(Holiday obligations are leaving little time for writing. Sorry for the lack of links this time around.)
Here’s part one of my list of the best science fiction and fantasy novels from the past ten years. All these books come with the highest recommendation. I’ve listed them by date of publication.
Bones of the Earth (2002) – Michael Swanwick. Here is Michael Swanwick having fun in a delightful tale about time travel and dinosaurs. It’s full of old-fashioned “sense-of-wonder” and adventure but with good characters and strong plotting. I love the way Swanwick dismisses the paradox of time travel: “Step on as many butterflies as you wish!” (Rather than spend pages of explication, Swanwick efficiently establishes time travel as possible then moves on with the fun part--the story.) Still, time travel has its many dangers (and so do those dinosaurs!).
Light (2002)– M. John Harrison. Light may be the best science fiction novel of the decade. Harrison perfectly melds big ideas, SF tropes and world-building with some of the strongest characterization you’ll find in (or out) of the genre. What struck me about Light was the fact that much of the story—the struggle of the characters to discover themselves, to overcome their self-imposed obstacles—works regardless of the SF setting. There’s no science fictional crutch, here. Light is the one SF novel of the past ten years I most look forward to re-reading.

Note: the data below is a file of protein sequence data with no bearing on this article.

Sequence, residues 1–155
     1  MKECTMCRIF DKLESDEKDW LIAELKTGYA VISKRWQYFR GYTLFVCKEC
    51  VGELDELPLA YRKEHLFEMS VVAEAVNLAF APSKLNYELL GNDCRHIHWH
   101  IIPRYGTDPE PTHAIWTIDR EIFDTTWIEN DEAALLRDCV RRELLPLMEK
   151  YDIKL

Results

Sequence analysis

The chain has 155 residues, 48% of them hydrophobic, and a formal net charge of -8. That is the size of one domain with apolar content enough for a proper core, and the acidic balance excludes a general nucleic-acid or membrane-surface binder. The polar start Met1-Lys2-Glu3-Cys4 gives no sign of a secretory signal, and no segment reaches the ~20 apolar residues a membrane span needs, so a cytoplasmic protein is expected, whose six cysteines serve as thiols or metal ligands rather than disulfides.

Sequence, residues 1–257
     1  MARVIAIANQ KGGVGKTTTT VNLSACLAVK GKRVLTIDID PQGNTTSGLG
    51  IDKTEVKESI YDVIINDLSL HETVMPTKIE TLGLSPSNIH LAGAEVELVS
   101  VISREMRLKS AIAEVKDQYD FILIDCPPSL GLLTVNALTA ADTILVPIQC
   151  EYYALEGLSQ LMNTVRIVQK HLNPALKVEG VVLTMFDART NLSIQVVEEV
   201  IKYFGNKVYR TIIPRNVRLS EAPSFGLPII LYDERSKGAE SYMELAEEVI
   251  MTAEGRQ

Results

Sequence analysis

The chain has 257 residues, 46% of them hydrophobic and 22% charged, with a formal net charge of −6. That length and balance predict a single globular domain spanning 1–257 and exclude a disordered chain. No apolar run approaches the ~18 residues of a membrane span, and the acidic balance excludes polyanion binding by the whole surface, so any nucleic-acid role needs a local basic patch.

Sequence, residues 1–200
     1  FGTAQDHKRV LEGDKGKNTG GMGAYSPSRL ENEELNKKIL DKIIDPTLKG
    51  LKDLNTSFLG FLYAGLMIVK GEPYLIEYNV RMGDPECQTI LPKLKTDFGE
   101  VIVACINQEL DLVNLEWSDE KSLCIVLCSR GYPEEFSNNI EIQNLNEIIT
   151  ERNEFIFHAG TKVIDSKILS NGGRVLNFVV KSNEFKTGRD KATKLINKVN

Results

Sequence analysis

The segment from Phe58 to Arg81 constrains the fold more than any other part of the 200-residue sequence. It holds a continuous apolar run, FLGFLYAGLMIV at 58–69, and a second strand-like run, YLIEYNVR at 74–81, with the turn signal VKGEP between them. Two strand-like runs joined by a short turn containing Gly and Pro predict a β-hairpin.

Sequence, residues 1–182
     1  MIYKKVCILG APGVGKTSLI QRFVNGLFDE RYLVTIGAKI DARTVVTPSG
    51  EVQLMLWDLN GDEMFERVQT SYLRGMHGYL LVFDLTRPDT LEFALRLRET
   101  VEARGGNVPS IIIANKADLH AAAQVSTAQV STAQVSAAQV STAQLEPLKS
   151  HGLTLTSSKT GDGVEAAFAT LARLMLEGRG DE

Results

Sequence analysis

Cloud Atlas (2004) – David Mitchell. Here’s a book with SF at its core—literally. There are six nested narratives in Cloud Atlas, two taking place in the past, two in the present and two in the future. They fit perfectly into one another and my jaw dropped while I read Mitchell masterfully connect them. This is one of the most unique books of the decade.
13 hours ago